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Carbon leakage effects leak away

As is well known the global external costs of greenhouse gas emissions (GGEs) are ignored for Prisoner’s Dilemma reasons. This means that even if all countries would be better off with an agreement to cut their GGEs it makes sense for individual countries top defect from such an agreement. They can then either enjoy the benefits of other countries cutting GGEs without incurring the emission reduction costs themselves or derive benefits from joining other countries in not cutting back.

This provides a hindrance to negotiating an agreement to cutting back global GGEs.

Another claimed obstacle is the existence of carbon leakage effects. These were the source of Australian and US opposition to ratifying the Kyoto Protocol. Simply put the claim is that if Australia enacted strict quotas on carbon emissions or hefty taxes on these emissions then our aluminium smelting (and other) industries would relocate in countries such as China where they would pollute at perhaps even higher levels than when in Australia. Thus the global environmental situation would not have been improved but unemployment would have risen in Australia.

These types of effects mean that unilateral moves to control GGEs won’t work.

One response to such effects is to levy such things as carbon taxes on a destination basis. Thus Australians would be taxed on the aluminium they consumed (whether imported from a country not levying such a carbon tax or produced locally) not the aluminium they produce. Most of our energy exporting firms would then be exempt from carbon taxation though tariffs would be imposed on the import of carbon intensive goods not taxed in their country of origin. This would be a type of retaliatory tariff as more recently advanced by authors such as Joe Stiglitz – I provided a consulting report to Environment Australia urging such tariffs 10 years ago.

Recent studies discussed in The Economist suggest we should not be over-concerned with the leakage phenomenon. The authors of “Leveling the Carbon Playing Field” argue that with respect to carbon leakages:

‘the damage would be small…. Energy makes up less than 1% of the cost of making cars, furniture or computers. Even some energy-intensive industries, such as power generation, should not be much affected. Since they have no foreign competition, they could pass on extra costs to their customers.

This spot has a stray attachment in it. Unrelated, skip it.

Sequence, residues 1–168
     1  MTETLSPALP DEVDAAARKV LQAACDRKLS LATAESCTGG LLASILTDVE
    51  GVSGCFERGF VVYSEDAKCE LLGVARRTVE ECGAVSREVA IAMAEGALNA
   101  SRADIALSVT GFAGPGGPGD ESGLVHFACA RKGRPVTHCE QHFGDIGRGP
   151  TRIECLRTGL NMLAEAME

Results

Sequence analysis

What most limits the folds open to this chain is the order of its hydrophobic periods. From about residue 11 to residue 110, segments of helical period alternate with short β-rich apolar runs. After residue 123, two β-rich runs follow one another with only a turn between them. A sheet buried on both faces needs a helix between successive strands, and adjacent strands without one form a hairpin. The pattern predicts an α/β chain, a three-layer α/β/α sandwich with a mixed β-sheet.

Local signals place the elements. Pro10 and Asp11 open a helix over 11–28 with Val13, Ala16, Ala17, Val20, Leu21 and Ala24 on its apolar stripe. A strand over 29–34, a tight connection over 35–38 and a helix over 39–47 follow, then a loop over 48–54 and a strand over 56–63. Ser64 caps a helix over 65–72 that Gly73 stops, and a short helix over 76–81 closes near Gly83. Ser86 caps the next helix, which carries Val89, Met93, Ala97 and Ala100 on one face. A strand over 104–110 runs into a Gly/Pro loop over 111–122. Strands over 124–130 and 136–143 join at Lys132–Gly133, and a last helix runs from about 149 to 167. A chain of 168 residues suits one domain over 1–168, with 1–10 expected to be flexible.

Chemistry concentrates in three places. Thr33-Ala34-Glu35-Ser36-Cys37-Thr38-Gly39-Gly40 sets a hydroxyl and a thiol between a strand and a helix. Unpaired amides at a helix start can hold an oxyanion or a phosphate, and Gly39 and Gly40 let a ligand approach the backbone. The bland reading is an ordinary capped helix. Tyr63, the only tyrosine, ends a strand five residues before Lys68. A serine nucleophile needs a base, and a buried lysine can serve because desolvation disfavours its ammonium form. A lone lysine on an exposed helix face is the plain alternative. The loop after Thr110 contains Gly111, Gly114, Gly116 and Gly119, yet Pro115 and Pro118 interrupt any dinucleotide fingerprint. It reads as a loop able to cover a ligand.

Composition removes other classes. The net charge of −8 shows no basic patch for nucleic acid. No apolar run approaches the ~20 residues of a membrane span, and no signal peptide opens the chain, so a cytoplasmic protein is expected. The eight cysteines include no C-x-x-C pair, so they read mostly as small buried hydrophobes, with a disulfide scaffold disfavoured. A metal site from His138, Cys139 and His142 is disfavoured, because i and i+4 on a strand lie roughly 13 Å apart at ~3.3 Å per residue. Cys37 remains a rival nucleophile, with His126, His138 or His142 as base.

Only a few industries—metals, paper, chemicals, cement and the like—are both global and profligate enough to be at risk. These accounted for just over 3% of America’s output in 2005 and less than 2% of its jobs. Much the same is true in Europe: those industries, plus refining, account for less than 5% of output and an even smaller share of jobs….

Even those supposedly vulnerable industries do not seem to have wilted in the face of a carbon price….(the authors) cannot even detect any impact on aluminium, which is as energy-intensive and widely traded as any good. …a shuttered smelter in Germany reopened in 2007, despite the rising cost of emissions.

There are many explanations for this resilience. One is that booming demand for aluminium and other commodities has kept all manufacturers profitable. Product specifications that vary from country to country, meanwhile, help to protect refiners from foreign competition. And Europe has handed out so many free permits to pollute that the costs of meeting its emissions cap have been negligible so far.

But putting a price on carbon may still do some harm in the future…. Europe is planning a tighter cap and fewer free permits. Many blueprints for emissions-trading in America call for no free allocations whatsoever. What is more, the biggest effects may come not in the short term, as factory closures, but later, as lower investment in new plant.

A study sponsored by Resources for the Future, an American think-tank, has tried to describe how American industry would meet a carbon price, albeit one of just $10 a ton—much less than the European price of over €25 ($39). Based on economic modeling, it concludes that industrial output would fall by less than 1%. The hardest-hit industry would be metals, but even that would shrink by only 1.5%. Better yet,
the damage could be offset by granting energy-intensive firms enough free permits to cover just 15% of their emissions.

Another study under way at the Pew Centre on Global Climate Change, another think-tank, sizes up a $15 carbon price using data on the past effects of rising energy prices on industry. It concludes that output would fall by 2% or less in 80% of cases. Paper and glass would face a bigger contraction, of 5%. Still, even the most vulnerable industries would not suffer the Armageddon that lobbying groups are predicting.

That is important, since it suggests that the politicians are over-reacting, and that their remedies may actually make matters worse. A carbon tariff….would be hard to implement. Customs officials would either have to assess the emissions embedded in imports, an impossibly complicated task, or make arbitrary assumptions, a recipe for a trade war. Moreover, it would do nothing to protect exports of energy-intensive goods from cheap competition.

Many studies also point out that carbon caps could bring benefits, in the form of factories making windmills, say, or solar panels. But these are even harder to quantify than the costs—and so they are even easier for the politicians to ignore.’

This last point sounds suspect. Investments incurred to meet the effects of GGEs are a cost not a source of income and are so regarded in such studies as the Stern Review. But the overall argument is sound.

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